Welcome! Log in or Register

Learning Curve Wooden Thomas & Friends: Duck

  • image
£10.00 Best Offer by: amazon.co.uk See more offers
1 Review

Manufacturer: Learning Curve / Type: Engines

  • Sort by:

    * Prices may differ from that shown

  • Write a review >
    How do you rate the product overall? Rate it out of five by clicking on one of the hearts.
    What are the advantages and disadvantages? Use up to 10 bullet points.
    Write your reviews in your own words. 250 to 500 words
    Number of words:
    Write a concise and readable conclusion. The conclusion is also the title of the review.
    Number of words:
    Write your email adress here Write your email adress

    Your dooyooMiles Miles

    1 Review
    Sort by:
    • More +
      16.07.2010 14:57
      Very helpful
      (Rating)

      Advantages

      Disadvantages

      A special addition to your wooden railway.

      I'm sticking with the theme of my previous two toy train reviews for this review on the Leaning Curve Wooden Duck Engine. This is another one of the engines that is part of our wooden railway set that has been expanding for the last 6 years. Apart from Gordon (see my other review), this is the only other official Thomas engine we own, all of the others are Brio or ELC trains with faces stuck on to them!


      Duck is a rather smart Great Western Engine, who features quite frequently in the Railway stories. Several years ago, we went to the steam railway at Bridgnorth where they were holding a special "Thomas Day", and Duck was one of the full sized engines featured. I thought that this wooden version would be a nice reminder of that day. The toy is made almost entirely from wood, with the exception of his plastic face and wheels, and the magnetised metal couplings at the front and rear of the engine that enable him to connect to other trains on the wooden railway.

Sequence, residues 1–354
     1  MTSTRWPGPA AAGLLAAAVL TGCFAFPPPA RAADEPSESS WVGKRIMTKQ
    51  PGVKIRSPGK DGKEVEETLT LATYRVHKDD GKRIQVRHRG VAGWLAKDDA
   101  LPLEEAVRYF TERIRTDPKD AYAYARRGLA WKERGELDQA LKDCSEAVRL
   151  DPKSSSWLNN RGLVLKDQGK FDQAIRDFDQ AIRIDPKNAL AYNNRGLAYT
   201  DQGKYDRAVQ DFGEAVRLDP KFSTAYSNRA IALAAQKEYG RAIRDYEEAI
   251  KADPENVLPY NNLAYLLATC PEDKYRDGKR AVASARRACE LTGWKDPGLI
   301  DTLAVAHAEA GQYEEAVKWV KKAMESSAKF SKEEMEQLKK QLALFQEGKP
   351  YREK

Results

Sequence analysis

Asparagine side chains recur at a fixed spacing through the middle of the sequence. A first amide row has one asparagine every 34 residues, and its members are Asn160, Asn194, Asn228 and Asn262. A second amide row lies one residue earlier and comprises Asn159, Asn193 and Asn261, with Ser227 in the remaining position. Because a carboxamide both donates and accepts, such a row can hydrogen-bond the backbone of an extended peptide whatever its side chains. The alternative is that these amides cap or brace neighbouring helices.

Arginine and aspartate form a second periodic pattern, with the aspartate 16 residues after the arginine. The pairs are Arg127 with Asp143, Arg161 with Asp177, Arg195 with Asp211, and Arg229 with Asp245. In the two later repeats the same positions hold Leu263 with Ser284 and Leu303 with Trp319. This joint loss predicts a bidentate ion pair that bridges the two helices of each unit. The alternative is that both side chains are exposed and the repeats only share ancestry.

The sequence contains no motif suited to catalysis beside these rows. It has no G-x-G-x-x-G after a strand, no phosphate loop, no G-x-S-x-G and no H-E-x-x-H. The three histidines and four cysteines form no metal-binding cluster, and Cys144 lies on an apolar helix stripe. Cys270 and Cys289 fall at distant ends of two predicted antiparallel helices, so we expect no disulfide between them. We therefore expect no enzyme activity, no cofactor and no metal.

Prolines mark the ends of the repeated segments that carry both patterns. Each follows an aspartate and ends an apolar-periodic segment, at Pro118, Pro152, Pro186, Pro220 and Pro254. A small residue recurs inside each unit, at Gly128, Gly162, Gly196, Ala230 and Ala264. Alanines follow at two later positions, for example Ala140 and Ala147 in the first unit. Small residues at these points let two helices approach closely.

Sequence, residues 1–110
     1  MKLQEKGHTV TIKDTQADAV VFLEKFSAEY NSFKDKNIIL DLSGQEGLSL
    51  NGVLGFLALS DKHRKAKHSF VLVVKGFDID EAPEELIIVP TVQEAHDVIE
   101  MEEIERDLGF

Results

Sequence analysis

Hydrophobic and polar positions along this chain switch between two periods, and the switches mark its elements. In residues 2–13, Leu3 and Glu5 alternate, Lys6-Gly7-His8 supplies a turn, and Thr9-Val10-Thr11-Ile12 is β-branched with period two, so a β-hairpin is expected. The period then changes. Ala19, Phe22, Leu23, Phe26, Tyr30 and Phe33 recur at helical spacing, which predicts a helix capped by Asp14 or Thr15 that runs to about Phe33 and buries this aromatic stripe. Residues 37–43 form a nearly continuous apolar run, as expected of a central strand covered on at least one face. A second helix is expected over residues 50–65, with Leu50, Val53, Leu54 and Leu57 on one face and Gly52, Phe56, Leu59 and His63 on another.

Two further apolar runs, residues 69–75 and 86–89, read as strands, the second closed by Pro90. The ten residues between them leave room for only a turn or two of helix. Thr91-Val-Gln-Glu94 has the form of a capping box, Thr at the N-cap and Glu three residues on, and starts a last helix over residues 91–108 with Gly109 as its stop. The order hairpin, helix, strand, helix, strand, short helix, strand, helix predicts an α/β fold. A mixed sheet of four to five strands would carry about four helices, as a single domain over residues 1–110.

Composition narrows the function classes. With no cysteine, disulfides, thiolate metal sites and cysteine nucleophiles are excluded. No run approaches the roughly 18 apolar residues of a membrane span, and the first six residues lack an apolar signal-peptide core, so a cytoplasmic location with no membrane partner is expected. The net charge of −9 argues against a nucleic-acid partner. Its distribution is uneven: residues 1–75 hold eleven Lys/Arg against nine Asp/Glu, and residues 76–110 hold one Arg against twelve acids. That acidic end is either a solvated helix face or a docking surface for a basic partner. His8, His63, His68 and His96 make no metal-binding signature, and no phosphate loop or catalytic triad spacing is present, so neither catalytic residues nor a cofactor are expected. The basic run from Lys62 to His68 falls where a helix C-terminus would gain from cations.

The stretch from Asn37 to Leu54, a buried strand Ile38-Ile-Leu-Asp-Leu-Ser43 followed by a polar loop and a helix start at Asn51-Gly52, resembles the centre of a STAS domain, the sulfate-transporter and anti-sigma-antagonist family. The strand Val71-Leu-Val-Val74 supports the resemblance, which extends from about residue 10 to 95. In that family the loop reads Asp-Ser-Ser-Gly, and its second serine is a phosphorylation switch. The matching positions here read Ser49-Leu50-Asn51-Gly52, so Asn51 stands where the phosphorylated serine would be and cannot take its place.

This train is compatible with most wooden railway sets, including ELC, Brio, Ikea and Tesco, as they are a prety standard size. The engine has a happy smiling face, typical of the Thomas characters, and is a lovely bright green colour. He is a more square shape than most engines, due to the fact that he is a Great Western, which adds good variety to our train collection, and I often look out for trains that are more unusual shapes. The paint is prety chip resistant, as i have had this particular train for about 4 or 5 years and it is still in excellent condition. The train is solid and able to withstand bumps and drops quite easily without breaking.


      The toy gets played with quite regularly, along with the other engines in our collection. You can run the wheels over a hard floor, carpet or wooden track. The toy is push along rather than battery powered. A slight flaw in the design is that the wheels can get caught up with hairs and fibres that can stop them turning effectively, but this isn't a big problem.


      The train would be a lovely display item for fans of Thomas memorabilia, or equally at home as a much played with toy. I would say that this toy is aimed primarily at boys, although my daughter really enjoys playing with it too. I think the fact that the engine has a smiley face makes it appealing to young children, and this is quite a suitable toy for young children as it has no bits to break off or swallow or any sharp pieces.


      At about £9, Duck is quite expensive, but you certainly get what you pay for. I would not buy the whole Thomas collection, as I am not rich enough, but one or two of these engines really make the wooden railway come to life, and have the added element of imagination and dialogue in addition to the creativity that it takes to construct the railway itself. That is why it is such a classic toy, and I have kids aged 5-9 that really enjoy playing with it, so it is a toy that will serve for many years enjoyment.

      Comments

      Login or register to add comments